Appropriate, effective opioid use requires regular monitoring—not only pharmacological monitoring but systems checks as well. “After your interdisciplinary team has reviewed facility systems and ensured good practices are in place, it’s important to monitor: Are they working? What’s breaking down?” says Barbara Bates, RN, MSN, DNS-CT, RAC-CT, QCP, a nurse consultant and dementia care specialist based in Bergen, NY.
“For example, if a pain assessment that is supposed to be done on admission is actually done a week after admission, there needs to be a process for identifying that error and why it occurred,” explains Bates. “You have to make sure that the process happened the way you established it should. And when practices don’t work, you have to do a root-cause analysis to find out what happened so you can revise appropriately if needed.”
Taking the following steps can help DNSs implement strong monitoring and audit processes:
Involve unit nurses in monitoring
“Staff nurses on the unit need to be educated on actively monitoring for the effectiveness of pharmacological interventions,” says Susan LaGrange, RN, BSN, NHA, CIMT, director of education for Pathway Health in Lake Elmo, MN. “This should include monitoring for side effects that are expected from any given opioid or other analgesic—and also taking a look at the potential for adverse consequences, which are not necessarily expected.”
Staff nurses also should do oversight of nonpharmacological interventions, says LaGrange. “Staff nurses most often fail to monitor nonpharmacological interventions provided by unlicensed staff, such as exercise or massage. They need to do that oversight: identify whether those interventions are in fact being done, and whether they are successful or other interventions should be tried.”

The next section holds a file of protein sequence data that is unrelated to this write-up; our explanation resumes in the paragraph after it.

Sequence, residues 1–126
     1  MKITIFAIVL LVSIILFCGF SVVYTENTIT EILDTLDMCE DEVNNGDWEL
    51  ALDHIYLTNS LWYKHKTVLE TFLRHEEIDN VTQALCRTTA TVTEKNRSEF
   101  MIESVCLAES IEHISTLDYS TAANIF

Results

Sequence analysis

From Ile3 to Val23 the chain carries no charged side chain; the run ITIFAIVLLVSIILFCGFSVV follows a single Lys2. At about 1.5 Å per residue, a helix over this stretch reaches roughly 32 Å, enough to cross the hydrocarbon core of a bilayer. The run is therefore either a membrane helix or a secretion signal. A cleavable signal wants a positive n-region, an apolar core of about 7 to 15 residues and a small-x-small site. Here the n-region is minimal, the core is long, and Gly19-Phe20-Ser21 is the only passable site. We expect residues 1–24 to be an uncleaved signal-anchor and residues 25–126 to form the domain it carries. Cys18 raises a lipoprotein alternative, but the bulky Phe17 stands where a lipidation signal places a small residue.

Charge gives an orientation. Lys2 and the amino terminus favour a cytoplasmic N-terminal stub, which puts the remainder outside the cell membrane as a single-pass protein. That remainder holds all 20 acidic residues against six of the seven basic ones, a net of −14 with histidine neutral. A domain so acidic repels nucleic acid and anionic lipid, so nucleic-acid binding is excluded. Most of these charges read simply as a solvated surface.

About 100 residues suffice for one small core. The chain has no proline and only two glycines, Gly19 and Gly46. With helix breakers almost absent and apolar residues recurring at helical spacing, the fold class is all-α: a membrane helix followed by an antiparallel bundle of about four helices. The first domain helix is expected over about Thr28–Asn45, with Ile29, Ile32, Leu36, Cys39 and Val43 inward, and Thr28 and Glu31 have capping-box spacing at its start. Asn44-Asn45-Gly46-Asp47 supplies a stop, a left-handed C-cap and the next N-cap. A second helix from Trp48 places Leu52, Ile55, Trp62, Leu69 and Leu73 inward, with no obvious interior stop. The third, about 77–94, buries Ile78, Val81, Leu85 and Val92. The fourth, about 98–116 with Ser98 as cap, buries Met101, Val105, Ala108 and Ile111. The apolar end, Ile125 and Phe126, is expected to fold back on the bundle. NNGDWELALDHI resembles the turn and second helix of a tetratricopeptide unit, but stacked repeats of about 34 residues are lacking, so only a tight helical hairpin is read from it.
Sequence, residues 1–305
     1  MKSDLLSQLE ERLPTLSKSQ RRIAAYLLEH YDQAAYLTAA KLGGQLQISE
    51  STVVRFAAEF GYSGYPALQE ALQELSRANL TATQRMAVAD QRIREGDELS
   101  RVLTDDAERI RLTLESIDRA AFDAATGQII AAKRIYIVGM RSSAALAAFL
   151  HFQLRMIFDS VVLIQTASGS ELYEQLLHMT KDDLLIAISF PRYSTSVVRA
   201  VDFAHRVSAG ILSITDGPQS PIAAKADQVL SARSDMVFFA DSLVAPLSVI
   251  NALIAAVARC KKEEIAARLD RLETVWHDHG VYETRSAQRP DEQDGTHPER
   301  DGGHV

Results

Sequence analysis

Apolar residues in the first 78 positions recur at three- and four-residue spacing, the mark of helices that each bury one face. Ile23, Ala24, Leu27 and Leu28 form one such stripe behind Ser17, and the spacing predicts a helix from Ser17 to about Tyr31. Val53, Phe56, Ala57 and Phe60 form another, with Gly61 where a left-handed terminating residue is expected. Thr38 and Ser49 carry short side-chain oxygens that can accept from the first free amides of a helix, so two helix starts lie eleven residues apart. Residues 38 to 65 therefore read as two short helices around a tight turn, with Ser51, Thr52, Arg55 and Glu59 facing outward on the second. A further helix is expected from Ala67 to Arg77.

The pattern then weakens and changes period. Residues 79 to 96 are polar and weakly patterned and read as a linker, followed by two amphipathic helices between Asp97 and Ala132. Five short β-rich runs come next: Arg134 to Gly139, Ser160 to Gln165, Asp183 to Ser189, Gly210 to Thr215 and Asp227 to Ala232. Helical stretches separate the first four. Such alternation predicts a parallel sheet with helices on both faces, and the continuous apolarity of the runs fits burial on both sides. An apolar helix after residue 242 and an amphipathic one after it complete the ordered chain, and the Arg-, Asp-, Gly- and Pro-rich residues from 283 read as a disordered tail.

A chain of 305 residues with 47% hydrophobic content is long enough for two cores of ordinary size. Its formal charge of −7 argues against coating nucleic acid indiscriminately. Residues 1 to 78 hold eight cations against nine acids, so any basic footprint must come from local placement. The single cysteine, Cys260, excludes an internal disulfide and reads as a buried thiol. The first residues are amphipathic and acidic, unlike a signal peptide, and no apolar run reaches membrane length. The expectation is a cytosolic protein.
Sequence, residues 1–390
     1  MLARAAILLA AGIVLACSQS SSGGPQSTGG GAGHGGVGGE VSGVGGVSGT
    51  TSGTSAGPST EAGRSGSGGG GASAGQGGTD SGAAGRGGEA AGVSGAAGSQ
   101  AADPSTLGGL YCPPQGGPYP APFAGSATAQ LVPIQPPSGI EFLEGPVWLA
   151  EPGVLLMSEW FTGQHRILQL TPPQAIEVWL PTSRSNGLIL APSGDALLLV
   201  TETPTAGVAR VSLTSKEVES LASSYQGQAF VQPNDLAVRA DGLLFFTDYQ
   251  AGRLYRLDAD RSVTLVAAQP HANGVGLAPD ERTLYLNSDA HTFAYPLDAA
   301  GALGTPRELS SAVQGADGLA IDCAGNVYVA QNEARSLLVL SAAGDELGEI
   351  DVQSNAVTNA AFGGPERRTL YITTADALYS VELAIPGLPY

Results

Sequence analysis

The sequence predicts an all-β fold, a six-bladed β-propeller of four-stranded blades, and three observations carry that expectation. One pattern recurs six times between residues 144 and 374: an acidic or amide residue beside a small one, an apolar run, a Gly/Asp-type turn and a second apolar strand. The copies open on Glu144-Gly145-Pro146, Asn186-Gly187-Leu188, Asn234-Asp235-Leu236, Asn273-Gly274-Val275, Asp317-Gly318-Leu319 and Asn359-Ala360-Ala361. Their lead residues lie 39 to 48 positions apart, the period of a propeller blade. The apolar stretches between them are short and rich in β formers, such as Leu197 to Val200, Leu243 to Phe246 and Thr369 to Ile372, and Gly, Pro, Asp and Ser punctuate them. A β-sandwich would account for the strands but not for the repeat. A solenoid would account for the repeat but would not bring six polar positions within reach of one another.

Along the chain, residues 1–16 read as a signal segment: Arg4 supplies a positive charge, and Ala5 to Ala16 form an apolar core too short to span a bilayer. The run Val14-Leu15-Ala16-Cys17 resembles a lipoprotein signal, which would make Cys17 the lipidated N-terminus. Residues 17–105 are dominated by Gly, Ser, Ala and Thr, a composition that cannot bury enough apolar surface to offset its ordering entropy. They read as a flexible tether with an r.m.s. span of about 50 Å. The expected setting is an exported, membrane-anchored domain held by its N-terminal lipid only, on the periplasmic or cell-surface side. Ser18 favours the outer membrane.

On the pain management side, nurses face a lot of demands in their everyday work, so DNSs might need to stress the importance of monitoring for indicators of potential problems, says LaGrange. “For example, nurses should monitor residents’ sleep patterns and changes in their ADL function (e.g., Are they eating? Are they walking). Staff need to look for and report those types of indictors that the resident might be developing a pain-related issue.”
Check your documentation for front-line input
Feedback from front-line staff play a critical role in monitoring medication use, says Joan Baird, PharmD, BCGP, FASCP, director of pharmacy practice and government affairs for the American Society of Consultant Pharmacists in Alexandria, VA. “Consultant pharmacists aren’t able to go in and observe every single resident. They rely a lot on documentation to make recommendations.”
So the observations of front-line staff need to be included in the notes and other documentation, says Baird. “In particular, with residents who have dementia or who aren’t vocal, the observations of front-line staff can provide a lot of information about where the pain is, what the pain is like, the quality of the pain, and other important information.”
Include front-line staff in audits too
“Front-line staff should be involved in the facility’s audit system in every area, but particularly in pain management and opioid use,” suggests LaGrange. “All staff members should be able to take an audit sheet and review whether documentation shows that: the medication is documented; staff are using an appropriate pain scale according to facility protocol; staff are following the care plan (e.g., using nonpharmacological interventions); the resident is having concerns; and staff are going back to determine if the medication is effective.